Breaking News
Pet Smarts – Jane Bowers

Pet Smarts – Jane Bowers

bowers chA 2014 survey of Canadians revealed that 34 per cent of Canadian households contain at least one dog, resulting in an estimated 2014 population of 6.4 million dogs in Canada. This study was done on behalf of the Canadian Animal Health Institute by Ipso Forward.
Dogs generally are cooperative and social animals and live in harmony with people but sometimes dogs bite. Studies reveal that dogs who are anxious or fearful are more likely to bite so there is a lot people can do to avoid raising dogs who are likely to bite. People can also avoid specific behaviours that may result in a bite from a dog.
A study led by P. Rezec at Mendel University in the Czech Republic and published in 2015 analysed the behaviours of people immediately preceding a bite to the face and the ages and other details of the victims.
The researchers found that the top three behaviours preceding a bite to the face were (1) the human bending over a dog, (2) the human putting their face close to the dog’s face, and (3) gazing between victim and dog. The bites occurred in 76 per cent, 19 per cent and 5 per cent of the cases, respectively.
In this study, more than two thirds of the victims were children, none of the victims was an adult dog owner and it was only adult dogs that bit the face. More than half of the bites were directed towards the nose and lip areas of the victim’s face.
A study also published in 2015 and led by N. Lakestani at the Universidad Andrés Bello, Santiago, Chile investigated whether preschool children can learn how to interpret dogs’ behaviours, with the purpose of helping avoid dog bites.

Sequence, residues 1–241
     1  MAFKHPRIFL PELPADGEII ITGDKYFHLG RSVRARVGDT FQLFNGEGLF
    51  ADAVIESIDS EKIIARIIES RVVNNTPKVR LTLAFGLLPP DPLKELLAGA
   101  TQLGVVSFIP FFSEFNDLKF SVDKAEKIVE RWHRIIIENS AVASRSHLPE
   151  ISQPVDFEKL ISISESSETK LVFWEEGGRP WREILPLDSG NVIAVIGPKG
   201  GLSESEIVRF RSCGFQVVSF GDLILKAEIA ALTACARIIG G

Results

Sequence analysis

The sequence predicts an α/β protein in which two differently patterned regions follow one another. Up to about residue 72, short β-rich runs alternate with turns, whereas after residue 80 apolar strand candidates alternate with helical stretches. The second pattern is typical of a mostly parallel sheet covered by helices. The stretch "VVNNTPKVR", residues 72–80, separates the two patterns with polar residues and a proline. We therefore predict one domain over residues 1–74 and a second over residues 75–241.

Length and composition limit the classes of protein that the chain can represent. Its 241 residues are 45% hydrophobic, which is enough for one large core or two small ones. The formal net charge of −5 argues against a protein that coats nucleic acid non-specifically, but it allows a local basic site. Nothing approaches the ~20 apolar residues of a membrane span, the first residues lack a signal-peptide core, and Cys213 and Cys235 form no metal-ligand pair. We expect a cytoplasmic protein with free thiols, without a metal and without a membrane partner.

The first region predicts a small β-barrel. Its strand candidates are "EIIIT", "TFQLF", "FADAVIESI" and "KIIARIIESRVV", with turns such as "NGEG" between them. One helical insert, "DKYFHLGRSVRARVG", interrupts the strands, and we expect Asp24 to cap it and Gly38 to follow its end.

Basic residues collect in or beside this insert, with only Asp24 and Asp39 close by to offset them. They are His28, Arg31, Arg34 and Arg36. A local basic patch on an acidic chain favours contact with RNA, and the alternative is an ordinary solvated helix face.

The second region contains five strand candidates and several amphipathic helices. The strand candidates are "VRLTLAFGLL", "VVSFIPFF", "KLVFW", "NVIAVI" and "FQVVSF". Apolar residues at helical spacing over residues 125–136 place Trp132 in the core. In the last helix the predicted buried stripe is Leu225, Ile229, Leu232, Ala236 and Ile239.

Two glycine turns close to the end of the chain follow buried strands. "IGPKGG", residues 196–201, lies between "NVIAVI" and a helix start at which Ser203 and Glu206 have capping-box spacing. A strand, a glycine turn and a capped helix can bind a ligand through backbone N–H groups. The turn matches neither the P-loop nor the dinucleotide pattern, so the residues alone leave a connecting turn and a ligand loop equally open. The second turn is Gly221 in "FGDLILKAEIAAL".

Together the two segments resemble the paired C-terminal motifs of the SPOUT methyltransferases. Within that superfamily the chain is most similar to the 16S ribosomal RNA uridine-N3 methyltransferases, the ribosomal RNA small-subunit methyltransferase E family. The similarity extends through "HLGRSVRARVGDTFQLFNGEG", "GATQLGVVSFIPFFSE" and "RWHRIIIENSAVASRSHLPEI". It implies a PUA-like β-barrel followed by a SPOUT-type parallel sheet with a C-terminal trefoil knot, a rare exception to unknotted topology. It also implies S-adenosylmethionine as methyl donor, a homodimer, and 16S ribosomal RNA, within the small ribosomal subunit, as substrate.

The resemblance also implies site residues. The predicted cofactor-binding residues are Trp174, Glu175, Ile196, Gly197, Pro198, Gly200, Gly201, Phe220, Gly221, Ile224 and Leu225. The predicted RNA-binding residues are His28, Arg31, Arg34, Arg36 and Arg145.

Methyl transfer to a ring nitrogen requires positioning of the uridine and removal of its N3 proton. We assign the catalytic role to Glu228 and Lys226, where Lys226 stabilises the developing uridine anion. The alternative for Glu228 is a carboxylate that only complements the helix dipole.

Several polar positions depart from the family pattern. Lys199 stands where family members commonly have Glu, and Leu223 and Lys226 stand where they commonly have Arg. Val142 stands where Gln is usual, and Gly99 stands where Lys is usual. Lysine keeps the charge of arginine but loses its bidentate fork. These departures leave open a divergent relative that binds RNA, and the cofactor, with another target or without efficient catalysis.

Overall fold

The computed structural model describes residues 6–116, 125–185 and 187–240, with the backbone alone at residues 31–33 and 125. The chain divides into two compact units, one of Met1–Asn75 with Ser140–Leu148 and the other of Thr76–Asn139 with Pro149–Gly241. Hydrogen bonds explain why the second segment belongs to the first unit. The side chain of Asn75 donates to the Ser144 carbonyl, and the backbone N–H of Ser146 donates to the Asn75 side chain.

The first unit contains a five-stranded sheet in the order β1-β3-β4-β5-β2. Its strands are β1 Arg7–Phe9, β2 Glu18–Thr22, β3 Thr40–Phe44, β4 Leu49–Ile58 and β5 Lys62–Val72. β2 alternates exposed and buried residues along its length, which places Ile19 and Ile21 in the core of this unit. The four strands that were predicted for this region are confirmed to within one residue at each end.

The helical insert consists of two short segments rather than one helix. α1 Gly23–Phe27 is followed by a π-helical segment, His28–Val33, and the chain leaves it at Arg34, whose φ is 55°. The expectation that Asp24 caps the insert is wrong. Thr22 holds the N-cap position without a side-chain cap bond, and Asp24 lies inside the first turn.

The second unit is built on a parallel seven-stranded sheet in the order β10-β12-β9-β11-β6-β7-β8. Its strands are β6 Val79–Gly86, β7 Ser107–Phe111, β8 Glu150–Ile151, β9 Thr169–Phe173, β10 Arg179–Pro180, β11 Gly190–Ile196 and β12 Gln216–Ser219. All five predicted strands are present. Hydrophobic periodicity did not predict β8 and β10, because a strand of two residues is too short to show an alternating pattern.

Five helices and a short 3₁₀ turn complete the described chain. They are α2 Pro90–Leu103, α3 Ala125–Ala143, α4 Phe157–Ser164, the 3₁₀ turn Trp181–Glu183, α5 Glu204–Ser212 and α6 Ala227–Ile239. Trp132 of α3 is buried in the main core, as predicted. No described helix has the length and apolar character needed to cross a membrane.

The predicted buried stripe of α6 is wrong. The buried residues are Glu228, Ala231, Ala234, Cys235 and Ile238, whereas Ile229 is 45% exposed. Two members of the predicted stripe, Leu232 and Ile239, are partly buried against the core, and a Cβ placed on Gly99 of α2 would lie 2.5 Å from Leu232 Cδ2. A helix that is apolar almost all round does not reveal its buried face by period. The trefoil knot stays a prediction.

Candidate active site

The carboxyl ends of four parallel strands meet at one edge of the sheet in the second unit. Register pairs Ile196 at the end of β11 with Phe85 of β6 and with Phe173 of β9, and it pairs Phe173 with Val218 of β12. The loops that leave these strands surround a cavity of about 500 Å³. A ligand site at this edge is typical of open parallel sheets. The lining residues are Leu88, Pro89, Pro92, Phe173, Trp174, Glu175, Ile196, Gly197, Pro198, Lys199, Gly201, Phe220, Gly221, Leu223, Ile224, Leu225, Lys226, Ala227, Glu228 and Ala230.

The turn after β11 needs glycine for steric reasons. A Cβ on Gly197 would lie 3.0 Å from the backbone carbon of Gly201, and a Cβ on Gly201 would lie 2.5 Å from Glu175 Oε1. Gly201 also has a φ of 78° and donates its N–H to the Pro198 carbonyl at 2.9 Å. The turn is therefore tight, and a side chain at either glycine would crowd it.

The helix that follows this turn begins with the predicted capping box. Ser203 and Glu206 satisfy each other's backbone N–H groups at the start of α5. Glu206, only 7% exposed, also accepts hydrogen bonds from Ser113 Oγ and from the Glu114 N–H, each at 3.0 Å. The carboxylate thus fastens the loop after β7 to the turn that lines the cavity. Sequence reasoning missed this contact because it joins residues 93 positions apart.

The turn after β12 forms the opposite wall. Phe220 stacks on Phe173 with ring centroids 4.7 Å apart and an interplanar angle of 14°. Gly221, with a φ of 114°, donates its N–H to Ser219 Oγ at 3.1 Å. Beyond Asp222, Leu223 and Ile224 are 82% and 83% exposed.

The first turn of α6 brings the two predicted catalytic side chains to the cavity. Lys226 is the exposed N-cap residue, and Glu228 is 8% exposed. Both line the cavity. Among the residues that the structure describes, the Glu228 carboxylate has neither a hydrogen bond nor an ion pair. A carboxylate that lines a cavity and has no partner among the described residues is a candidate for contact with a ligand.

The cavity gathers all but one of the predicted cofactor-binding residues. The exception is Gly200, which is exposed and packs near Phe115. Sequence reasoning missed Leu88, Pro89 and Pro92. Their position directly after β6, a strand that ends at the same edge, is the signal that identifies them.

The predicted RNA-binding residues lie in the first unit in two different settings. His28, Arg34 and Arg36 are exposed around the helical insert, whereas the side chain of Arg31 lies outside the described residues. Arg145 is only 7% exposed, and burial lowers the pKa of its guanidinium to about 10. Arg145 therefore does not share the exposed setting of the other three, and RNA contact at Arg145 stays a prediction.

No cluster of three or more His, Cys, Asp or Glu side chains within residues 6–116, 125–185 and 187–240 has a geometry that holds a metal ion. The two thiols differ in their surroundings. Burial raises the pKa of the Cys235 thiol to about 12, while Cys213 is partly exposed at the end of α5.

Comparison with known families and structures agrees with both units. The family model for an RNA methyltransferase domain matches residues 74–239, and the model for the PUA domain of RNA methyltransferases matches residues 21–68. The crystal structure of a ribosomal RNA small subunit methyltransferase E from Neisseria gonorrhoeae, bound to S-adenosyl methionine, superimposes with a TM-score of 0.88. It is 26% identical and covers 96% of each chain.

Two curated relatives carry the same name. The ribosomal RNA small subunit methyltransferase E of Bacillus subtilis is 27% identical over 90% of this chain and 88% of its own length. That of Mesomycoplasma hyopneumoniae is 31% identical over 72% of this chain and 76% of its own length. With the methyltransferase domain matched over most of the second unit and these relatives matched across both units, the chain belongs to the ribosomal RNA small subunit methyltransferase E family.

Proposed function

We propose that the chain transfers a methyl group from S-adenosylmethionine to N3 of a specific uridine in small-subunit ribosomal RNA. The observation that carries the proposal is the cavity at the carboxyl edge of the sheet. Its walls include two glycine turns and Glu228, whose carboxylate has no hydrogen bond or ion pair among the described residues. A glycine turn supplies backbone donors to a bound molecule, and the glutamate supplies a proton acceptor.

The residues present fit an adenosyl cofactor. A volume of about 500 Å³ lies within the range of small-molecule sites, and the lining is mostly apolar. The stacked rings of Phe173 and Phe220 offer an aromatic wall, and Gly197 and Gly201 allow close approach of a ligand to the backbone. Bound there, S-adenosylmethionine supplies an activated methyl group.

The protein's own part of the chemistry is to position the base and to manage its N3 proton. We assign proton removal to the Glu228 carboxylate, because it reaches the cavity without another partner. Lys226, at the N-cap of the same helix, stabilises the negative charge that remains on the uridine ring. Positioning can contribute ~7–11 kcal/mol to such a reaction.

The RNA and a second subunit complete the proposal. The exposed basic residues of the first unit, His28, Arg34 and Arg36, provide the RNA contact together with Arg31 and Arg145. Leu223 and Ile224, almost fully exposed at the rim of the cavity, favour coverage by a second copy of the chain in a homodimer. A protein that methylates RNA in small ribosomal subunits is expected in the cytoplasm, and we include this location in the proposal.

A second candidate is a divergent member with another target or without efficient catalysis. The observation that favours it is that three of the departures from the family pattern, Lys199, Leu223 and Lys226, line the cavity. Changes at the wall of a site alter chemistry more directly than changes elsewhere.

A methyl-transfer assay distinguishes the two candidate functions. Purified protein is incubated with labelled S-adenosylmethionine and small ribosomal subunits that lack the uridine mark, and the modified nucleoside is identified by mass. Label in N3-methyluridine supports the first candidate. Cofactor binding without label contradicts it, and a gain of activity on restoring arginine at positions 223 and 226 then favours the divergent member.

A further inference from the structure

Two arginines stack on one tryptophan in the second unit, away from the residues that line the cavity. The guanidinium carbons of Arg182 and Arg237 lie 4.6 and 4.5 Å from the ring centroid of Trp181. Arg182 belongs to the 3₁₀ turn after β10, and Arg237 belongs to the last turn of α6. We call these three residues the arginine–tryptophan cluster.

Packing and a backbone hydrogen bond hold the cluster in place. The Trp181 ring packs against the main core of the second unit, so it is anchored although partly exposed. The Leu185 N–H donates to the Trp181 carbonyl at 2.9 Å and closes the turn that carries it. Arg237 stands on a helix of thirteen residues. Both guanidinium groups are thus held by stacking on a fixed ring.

Three to five-year-old children were divided into two groups. One group received training on dog behaviour while the other group acted as the control group and did an activity related to wild animals. The group who received training in dog behaviour were reported to be significantly better at judging a dog’s emotional state and were able to refer to relevant behaviours to support their judgement after the training. The control group’s responses to test questions did not change between the two testing times. The results of this study are promising as they indicate that preschool children can be taught how to correctly interpret dogs’ behaviours.
Everyone can help avoid dog bites by avoiding risk factors such as bending over the dog, putting the face close to the dog’s face and gazing between human and dog. Children should be carefully and constantly supervised when in the presence of dogs and educated regarding interactions with dogs.
Dog owners can help their dogs by providing appropriate socialization and reward training for their dog. If a dog suddenly appears uncomfortable in normal situations, a trip to the vet is in order to identify and treat any changes in the dog’s health. Everyone can learn about dog body language and recognize when a dog is stressed or uncomfortable.

Print Friendly, PDF & Email

Leave a Reply

Your email address will not be published. Required fields are marked *

*

Scroll To Top
The Local Weekly